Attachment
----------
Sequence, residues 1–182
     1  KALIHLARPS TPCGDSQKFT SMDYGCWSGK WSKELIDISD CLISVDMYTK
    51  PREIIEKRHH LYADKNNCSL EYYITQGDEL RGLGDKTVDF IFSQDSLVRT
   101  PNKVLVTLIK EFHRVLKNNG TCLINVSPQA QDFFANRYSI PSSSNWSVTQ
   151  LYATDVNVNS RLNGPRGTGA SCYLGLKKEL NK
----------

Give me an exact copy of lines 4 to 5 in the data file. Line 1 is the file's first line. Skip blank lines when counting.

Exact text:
   101  PNKVLVTLIK EFHRVLKNNG TCLINVSPQA QDFFANRYSI PSSSNWSVTQ
   151  LYATDVNVNS RLNGPRGTGA SCYLGLKKEL NK